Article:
CEO Mark Zuckerberg of Facebook. (Photo: AP)

Shorting stocks requires nerves of steel, but when it pays, it pays big. Most investors and advisors had no interest in “shorting a cultural phenomenon” when Facebook debuted its IPO, and the idea of a bear bet against the social media giant seemed insane on its surface.

But after a 45% drop in the time since, certain European investors that bought structured products benefiting from the stock’s decline have generated returns of more than 500%, according to Bloomberg.

The news service notes that a put warrant, a security for speculating on the future direction of a company’s share price, which predicted Facebook would be at $22 by March, cost 6 euro cents ($0.07) to buy in the week after Facebook went public with an initial price of $38. Today, with Facebook trading at $21.87 at 09:50 a.m. in New York, the warrant is worth 36 euro cents, according to data compiled by Bloomberg.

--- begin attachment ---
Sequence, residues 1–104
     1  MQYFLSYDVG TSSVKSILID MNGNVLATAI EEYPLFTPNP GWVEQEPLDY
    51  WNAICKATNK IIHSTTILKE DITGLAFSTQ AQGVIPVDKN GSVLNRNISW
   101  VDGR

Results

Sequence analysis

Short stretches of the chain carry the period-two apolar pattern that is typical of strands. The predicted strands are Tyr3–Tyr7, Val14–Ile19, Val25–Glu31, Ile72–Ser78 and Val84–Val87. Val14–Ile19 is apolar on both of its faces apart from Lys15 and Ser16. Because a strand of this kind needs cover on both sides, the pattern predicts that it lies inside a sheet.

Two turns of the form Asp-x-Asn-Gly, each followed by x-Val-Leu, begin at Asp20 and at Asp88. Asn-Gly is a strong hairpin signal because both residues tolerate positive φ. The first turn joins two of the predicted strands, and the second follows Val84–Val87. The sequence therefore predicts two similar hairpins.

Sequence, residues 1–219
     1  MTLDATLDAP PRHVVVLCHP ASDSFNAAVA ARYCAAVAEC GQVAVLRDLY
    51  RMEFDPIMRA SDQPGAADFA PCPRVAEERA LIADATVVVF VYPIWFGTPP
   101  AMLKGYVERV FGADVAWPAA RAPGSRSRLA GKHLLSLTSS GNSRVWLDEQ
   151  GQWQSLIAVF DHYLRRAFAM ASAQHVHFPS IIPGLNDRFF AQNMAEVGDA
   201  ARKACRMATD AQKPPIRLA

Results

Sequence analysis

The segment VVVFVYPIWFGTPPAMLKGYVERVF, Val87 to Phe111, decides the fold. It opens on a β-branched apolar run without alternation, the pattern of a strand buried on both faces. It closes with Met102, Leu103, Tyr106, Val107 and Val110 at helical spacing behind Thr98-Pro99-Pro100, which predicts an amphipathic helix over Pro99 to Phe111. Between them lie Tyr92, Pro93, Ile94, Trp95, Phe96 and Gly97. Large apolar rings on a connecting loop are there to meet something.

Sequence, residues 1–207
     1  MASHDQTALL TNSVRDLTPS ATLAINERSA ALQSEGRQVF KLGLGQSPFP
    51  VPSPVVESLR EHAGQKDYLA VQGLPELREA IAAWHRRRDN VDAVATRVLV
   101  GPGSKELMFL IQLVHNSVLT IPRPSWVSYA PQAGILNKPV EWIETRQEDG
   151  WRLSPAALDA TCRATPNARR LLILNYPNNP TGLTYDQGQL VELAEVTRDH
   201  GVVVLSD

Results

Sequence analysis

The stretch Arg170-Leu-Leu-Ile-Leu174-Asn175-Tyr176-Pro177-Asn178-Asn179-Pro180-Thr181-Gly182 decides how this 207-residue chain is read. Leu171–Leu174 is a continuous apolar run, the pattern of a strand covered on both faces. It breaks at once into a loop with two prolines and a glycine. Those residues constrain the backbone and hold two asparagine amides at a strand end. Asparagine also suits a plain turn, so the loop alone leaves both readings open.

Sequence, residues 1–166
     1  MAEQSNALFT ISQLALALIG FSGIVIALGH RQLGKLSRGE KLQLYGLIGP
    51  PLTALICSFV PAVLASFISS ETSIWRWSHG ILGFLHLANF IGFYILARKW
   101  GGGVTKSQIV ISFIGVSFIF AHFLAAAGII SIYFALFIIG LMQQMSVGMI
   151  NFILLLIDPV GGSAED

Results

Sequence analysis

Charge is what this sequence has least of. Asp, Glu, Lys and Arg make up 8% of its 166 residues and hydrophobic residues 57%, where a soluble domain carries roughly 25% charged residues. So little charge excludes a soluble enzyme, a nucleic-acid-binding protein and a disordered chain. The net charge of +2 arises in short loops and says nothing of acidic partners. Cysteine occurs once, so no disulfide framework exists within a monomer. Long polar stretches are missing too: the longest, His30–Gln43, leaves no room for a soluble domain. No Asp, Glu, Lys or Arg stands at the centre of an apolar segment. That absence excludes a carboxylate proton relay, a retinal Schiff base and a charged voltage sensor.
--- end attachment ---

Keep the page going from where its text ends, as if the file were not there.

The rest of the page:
Facebook, which raised $16 billion in the biggest technology IPO of all time, hasn’t closed above its IPO price since its first trading day and has fallen 21% since reporting earnings on July 26 that showed slowing revenue growth and narrower profit margins.

“If you bought the $22 put when Facebook was trading at $38, then you will have earned a lot of money,” Heiko Geiger, head of public distribution for Germany and Austria at Vontobel Holding in Frankfurt, which issued the $22 warrant, told Bloomberg.

 “Unless you intend to speculate on prices falling further, it would be good advice to cash in now,” Geiger added.

Facebook’s first earnings as a public company, reported on July 26, showed second-quarter revenue growth of 32%, the slowest pace on record. Operating margin, excluding certain costs, was 43% in the second quarter, a decline from 53% a year earlier, amid a fourfold surge in sales and marketing expenses.